Making up for the loss of Dwyane Wade in free agency isn’t something Tyler Johnson thinks the Miami Heat will be able to do in one season or with one guy.
“I think it’s going to be a collective group of guys who have to kind of pick up the weight he was able to bring to the city,” Johnson said Monday at a Heat community swimming event in Hialeah.
Filling Wade’s spot at shooting guard in the Heat’s starting lineup looked like it too was going to be a job for more than just one person this coming season. And it still might be.
But Monday, the team that was supposedly saving it’s $2.9 million room exception for February or March, surprisingly used it to snare former Oklahoma City shooting guard Dion Waiters, one of the top available free agents still out on the market and potentially Wade’s replacement.
Waiters, the former fourth overall pick in the 2012 draft out of Syracuse and a player who has started 110 games in his first three seasons in the league, was still a restricted free agent when Heat president Pat Riley said on July 16 the Heat were basically done shopping this summer.
But two days later, when the Thunder rescinded its $6.8 million qualifying offer to Waiters, it made him an unrestricted free agent and an option for Miami to help fill-in for the loss of Wade, a 12-time All-Star who averaged 19.0 points per game last season.
Although he will receive competition from Johnson, Josh Richardson and journeyman Wayne Ellington, Waiters is expected to be the front-runner to replace Wade.
Last season, Waiters averaged 9.8 points, shot 39.9 percent from the field, 35.8 percent from three-point range and made 15 starts. For his career, Waiters has averaged 12.8 points, 2.6 rebounds, 2.5 assists and shot 41.1 percent from the field and 33.4 percent from beyond the arc.
Waiters comes to Miami with some baggage, having earned a reputation in both Cleveland and OKC for not getting along with teammates and being accused of taking ill-advised shots.
“Dion’s a great player,” Richardson said Monday at the same community event he and Johnson attended. “He brings aggressiveness on both ends, big time scoring ability. I’m excited to get on the court with him.”
Waiters signed a two-year deal with the Heat for a little less than $6 million. But the second year of the deal includes a player option, which opens the door for him to test the free agent market next summer when he could command a big pay day with a good season.
Johnson, meanwhile, who signed a four-year, $50 million offer sheet with the Brooklyn Nets this summer before the Heat matched it following the loss of Wade to the Chicago Bulls, spoke for the first time Monday about his new contract.
“It’s a great feeling to know you’re wanted somewhere,” said Johnson, a former undrafted prospect who has played just 68 games with the Heat in two seasons.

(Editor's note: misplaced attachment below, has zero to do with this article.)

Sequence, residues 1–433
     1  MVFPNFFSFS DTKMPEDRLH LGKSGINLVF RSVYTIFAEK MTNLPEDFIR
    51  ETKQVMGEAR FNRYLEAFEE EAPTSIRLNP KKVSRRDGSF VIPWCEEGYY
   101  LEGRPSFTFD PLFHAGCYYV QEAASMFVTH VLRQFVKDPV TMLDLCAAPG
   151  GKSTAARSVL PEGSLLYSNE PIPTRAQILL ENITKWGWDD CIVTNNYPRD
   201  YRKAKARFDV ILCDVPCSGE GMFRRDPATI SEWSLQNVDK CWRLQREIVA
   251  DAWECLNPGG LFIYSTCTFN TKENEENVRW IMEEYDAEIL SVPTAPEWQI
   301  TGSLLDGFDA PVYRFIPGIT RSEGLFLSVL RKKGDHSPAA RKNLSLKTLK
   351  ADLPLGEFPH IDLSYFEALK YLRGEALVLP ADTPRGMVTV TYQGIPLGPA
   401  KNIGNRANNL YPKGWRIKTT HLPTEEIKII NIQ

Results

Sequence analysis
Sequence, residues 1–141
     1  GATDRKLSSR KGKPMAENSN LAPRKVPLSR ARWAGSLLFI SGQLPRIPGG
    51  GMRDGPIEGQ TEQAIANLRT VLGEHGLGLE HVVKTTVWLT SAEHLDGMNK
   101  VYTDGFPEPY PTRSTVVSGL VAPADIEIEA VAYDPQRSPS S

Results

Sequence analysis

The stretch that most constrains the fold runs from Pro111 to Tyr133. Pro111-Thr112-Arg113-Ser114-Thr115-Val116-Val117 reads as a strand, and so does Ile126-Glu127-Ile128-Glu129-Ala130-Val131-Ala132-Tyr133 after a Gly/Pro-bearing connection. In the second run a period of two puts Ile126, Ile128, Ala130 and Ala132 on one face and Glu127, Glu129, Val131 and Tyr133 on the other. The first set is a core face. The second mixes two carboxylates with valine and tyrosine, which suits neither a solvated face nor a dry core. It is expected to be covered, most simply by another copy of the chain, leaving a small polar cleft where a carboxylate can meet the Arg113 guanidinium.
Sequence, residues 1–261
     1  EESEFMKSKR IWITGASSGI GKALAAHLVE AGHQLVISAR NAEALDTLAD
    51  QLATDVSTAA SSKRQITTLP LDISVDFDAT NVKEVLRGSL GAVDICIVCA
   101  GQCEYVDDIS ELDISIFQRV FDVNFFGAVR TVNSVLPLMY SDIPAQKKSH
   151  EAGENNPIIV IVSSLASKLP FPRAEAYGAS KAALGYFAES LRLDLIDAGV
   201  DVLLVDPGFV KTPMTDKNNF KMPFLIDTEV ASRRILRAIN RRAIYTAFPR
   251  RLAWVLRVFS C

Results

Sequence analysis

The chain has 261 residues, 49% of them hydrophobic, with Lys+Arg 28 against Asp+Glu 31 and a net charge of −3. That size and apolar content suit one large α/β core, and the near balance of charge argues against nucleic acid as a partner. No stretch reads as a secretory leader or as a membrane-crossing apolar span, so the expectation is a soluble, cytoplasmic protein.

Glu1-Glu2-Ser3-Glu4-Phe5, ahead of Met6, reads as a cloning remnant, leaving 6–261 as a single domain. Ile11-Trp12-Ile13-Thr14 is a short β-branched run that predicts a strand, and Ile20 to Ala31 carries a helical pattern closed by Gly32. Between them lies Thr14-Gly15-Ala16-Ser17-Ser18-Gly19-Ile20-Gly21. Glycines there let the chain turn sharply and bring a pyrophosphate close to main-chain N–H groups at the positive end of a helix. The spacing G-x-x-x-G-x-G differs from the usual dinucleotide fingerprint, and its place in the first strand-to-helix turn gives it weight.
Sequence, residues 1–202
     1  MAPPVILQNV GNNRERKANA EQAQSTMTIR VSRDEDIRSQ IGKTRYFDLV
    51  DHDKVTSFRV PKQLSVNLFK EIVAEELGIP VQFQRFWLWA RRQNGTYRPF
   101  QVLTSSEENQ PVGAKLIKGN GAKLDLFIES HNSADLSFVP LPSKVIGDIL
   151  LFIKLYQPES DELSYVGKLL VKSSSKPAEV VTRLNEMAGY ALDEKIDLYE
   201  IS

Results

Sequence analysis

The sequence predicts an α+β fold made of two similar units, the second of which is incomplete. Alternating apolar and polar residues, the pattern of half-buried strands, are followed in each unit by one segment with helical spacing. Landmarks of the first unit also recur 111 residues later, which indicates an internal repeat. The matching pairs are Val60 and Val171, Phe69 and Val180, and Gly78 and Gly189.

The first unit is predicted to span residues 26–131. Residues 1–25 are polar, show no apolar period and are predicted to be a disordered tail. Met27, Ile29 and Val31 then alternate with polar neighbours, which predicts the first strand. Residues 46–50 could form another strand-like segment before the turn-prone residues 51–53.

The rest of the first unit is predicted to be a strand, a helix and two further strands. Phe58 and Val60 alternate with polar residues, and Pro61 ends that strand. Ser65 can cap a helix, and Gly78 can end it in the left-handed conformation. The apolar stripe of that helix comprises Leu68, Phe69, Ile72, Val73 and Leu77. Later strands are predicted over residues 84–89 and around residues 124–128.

“They showed me how much they want me to be a part of the organization by matching [Brooklyn’s offer]. It wasn’t an easy process for me, and I know it wasn’t an easy process for them. I know there was a lot of change over going on. But the ability to continue to grow with Josh, Briante [Weber], Hassan [Whiteside], Justise [Winslow], those young guys is a great opportunity.”
Johnson said he “threw up a couple times” when he heard how much the Nets were offering to pay to land him. He was even more surprised when the Heat matched the deal, which includes a commitment by Miami to pay him $18 and $19 million in the final two seasons of the deal.
“I was in shock,” Johnson said. “I even lost a little bit of weight just because of just the anxiety of going through that whole process not knowing where I was going to be. I was like almost 100 percent sure I was going to end up in Brooklyn.”
In the end, Johnson said Wade’s last minute, surprising departure for Chicago didn’t leave him or the Heat much time to work out a cap friendlier deal on their own. Plus, he said, he felt compelled to sign the offer sheet with Brooklyn, having already given the team his word early in the free agency process.
Johnson said he’s not worried whether or not he will be a starter for the Heat this coming season. Like Richardson, he believes he’s “interchangeable” at both guard spots and will be asked to get the Heat into the offense when point guard Goran Dragic isn’t on the floor.
Richardson could also end up playing some at small forward, something he said he’s comfortable with.
“You have to be flexible in this league,” said Richardson, who the NBA’s best three-point shooter after the All-Star break. “So, I mean, I haven’t really thought too much into anything. I’m just ready to play whatever role I need to like I did last year. Just kind of throw me out there. I’ll figure it out.”